Archive for August, 2008


August 22, 2008

The Iceland Airwaves is scheduled for 15-19 October of this year. And as usual, it’s held at Reykjavik, the northern-most capital in the world. The Airwaves plays host to independent artists from all fathomable genres, performing in the hottest clubs of this icy capital over a period of five days. I’ve not heard of even one of the bands in the partial lineup that was recently announced.

But, as much as I want to catch a plane and fly over there (the festival’s prices are ridiculously low), I’m upto my neck with research and courses. I’m just hoping things take a turn for the milder sometime soon enough.

From the festival page:

“It’s 4 a.m. You’ve been to five cool clubs, seen ten great bands, made 15 new friends and fallen in love 20 times. You’re tired. You’re wired. You’re ready to find a bed. You’re ready to find the after-party. You can’t believe you’re here. You’re already making plans to come back next year. And guess what? It’s still Day One.”


New French Extremity #2

August 20, 2008

Talking about the kiss, the beautiful kiss that begins Trouble Every Day, the kiss a precursor to the animalistic bites, fleshy excesses of the body, and visceral ebbing of blood that follows later, Denis says:

“That’s not where it was in the screenplay – that kiss – it was elsewhere, during a nocturnal ramble by Vincent Gallo, which incidentally wasn’t filmed. But I still wanted to shoot the kiss because the kiss is the film. In the screenplay, the first scene is the scene in the plane. Stuart of the Tindersticks wanted to write a song, but not for the beginning of the film. And when I heard his song, I said to him: “Stuart, I think it should be at the beginning, you can’t put it in after.” And so we can’t begin with the plane, everything has to be pushed back for Stuart’s song.

In fact, I think Stuart channelled everything into the song: he had not seen the rushes, but he had read the screenplay, he had come to London to see Beau Travail (2000), at the time of a retrospective of my films…I think he had understood that I was ready for a lot of things. And he brought me this song. Stuart is an English man with a lot more humour than I have, but he has a rapport with the body, with flesh, with desire which is very close to mine.”

[edit: incidentally, the song is available online.]

Le voyage du ballon rouge

August 11, 2008

Frequently hailed as one of the greatest living filmmakers, this is Hou Hsiao Hsien’s first film outside of China/Taiwan. Hou dedicated the film to Lamorisse, whose Le ballon rouge inspired this material. At once, it is easy to spot the brilliance in his filmmaking, as the camera tracks the titular red balloon gliding across the streets of Paris, cowering behind tree-branches and deftly maneuvering the train station. The balloon is of course symbolic: here representing childhood and an age of innocence, indifference and freedom, such as that of little Simon. Simon’s mother, Suzanne (Binoche) on the other hand is a busybody, constantly occupied with work and sparing little time for her son who is tended to by a timid babysitter Song.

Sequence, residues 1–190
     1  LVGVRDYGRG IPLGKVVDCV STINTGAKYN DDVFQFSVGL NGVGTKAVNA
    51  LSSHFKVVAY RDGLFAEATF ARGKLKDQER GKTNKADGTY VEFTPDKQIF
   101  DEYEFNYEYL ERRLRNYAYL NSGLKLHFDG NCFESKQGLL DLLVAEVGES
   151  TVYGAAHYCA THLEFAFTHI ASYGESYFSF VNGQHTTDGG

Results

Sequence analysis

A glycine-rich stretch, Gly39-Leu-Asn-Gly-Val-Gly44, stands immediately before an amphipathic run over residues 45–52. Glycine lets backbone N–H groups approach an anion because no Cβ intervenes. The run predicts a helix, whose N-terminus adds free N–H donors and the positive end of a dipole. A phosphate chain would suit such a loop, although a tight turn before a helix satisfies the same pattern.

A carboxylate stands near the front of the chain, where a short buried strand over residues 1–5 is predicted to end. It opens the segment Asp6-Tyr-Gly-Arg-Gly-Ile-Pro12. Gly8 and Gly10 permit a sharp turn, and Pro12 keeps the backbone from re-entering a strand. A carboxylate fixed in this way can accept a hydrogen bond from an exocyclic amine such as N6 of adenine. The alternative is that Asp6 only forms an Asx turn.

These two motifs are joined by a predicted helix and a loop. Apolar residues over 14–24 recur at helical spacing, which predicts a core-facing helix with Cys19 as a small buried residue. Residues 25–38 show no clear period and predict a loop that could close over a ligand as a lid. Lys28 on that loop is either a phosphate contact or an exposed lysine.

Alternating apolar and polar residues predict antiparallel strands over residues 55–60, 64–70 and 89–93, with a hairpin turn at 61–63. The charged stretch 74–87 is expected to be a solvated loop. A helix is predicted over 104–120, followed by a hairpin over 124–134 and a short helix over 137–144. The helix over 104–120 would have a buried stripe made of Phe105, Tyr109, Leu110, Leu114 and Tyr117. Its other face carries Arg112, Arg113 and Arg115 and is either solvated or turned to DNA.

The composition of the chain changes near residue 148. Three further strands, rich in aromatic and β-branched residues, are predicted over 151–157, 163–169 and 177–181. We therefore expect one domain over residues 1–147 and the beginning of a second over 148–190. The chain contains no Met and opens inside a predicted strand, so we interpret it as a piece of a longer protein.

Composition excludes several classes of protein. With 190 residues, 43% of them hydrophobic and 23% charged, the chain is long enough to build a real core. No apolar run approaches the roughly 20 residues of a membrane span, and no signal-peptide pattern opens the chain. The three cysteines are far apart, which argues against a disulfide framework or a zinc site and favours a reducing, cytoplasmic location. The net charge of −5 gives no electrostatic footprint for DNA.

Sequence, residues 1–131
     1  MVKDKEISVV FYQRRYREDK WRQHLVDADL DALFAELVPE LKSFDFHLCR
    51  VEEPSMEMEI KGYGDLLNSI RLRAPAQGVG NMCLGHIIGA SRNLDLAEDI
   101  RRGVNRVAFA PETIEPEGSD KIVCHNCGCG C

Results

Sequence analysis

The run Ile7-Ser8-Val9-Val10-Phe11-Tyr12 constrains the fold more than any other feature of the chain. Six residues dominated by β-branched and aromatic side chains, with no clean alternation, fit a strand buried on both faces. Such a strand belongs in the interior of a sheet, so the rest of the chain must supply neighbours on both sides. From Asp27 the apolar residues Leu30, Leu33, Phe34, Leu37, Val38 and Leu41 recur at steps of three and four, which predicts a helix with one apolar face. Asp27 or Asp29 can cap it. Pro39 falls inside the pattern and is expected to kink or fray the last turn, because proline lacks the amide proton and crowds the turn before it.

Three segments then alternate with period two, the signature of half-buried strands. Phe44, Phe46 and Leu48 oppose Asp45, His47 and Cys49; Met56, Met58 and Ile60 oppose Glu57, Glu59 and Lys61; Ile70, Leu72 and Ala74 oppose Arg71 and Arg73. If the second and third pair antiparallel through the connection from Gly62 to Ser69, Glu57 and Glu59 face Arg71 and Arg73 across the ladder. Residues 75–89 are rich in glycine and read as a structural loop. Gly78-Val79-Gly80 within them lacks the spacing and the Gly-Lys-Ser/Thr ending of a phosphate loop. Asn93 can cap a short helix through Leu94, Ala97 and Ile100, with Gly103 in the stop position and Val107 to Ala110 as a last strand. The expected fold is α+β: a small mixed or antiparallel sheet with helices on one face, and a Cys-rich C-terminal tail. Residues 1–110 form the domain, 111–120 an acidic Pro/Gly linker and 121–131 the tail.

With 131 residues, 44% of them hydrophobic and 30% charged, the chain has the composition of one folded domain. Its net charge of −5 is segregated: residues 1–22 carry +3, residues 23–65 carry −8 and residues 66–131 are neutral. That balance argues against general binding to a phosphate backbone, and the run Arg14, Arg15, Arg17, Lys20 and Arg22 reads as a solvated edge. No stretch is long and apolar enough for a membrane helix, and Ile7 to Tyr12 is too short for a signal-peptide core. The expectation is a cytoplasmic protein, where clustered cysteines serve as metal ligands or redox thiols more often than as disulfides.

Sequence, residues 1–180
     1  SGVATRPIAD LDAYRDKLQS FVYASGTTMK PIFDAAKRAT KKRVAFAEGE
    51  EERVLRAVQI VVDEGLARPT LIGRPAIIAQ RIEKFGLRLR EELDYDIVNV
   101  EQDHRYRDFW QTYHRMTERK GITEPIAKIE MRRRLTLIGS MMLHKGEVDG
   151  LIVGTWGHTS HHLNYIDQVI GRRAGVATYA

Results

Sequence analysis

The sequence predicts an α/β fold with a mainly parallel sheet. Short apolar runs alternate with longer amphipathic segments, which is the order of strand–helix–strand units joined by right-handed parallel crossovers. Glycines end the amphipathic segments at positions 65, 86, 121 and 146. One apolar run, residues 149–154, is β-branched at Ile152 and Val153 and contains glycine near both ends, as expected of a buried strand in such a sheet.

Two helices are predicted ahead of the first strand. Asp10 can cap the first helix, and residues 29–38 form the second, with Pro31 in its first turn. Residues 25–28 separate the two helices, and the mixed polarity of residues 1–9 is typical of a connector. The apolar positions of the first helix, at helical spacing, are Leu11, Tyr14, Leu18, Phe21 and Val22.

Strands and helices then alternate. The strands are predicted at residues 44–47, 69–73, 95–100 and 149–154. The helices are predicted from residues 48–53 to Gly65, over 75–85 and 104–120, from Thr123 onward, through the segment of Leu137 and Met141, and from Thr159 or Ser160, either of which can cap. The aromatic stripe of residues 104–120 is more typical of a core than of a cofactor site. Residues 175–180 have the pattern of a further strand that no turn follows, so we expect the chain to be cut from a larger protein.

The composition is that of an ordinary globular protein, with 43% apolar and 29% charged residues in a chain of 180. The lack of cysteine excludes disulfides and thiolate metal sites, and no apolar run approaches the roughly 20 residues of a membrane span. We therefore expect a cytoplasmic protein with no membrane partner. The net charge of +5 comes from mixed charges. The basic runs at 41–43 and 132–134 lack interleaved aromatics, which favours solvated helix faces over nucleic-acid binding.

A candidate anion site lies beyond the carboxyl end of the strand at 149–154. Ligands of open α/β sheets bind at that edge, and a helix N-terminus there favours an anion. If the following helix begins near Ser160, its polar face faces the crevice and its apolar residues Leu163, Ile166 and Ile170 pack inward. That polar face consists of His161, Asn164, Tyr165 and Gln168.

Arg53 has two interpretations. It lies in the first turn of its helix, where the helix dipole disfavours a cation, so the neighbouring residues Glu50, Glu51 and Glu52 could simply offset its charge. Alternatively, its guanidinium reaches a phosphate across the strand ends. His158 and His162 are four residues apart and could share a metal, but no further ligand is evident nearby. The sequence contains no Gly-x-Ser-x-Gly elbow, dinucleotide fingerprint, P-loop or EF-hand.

Hou is extremely observant, both of his environment and of his characters. And to me, that’s also where his film fails. The film observes, but never probes. It never questions the characters, never expresses them, maybe even expose them. Understandably, with the boy Simon, it is quite difficult to formally develop the character (although Vlacil did it in a shorter time with The white dove) and Hou tracks the child across his routines of playing pinball, learning the piano or playing video games on his playstation. But Suzanne just turns out to be a bundle of mess – constantly being irritated by her neighbours, possibly feeling distanced from her other adolescent child, and desperately missing her husband now in Canada. She uses her teenage daughter as a pretext for kicking out her neighbours, and struggles to communicate with Simon, who incidentally feels quite at ease with his babysitter and half-sister.

What I liked most about this film was its use of space. Hou juxtaposes the insides of the tiny Paris apartment with wide-angle shots of the balloon floating above Paris. This mimics the dichotomy of the film’s themes: pure unrestrained freedom as opposed to a state of conformity and disorder. Even with the crummy apartment, Hou is careful enough to work within the limits. Observe how the film slowly “reveals” Suzanne’s apartment. For the first half-hour or so, all we see is the tiny dining table and the kitchen, and then we get a brief glimpse of Suzanne’s attic bedroom. Then the shabby living room with books sprawled across the floor, a TV and Simon’s playstation. Suddenly, the piano is moved into a corner we never knew existed. And then, the eternally meek and distant Song shows us Simon’s bedroom attic opposite Suzanne’s.

Hou’s conservative approach to filming spaces is surely what defines this film. But it shouldn’t have been so. If only he had expressed his characters more.

Alexander Solzhenitsyn

August 4, 2008

Rest in peace, my friend, after showing us what real torture was like under the Soviet Union.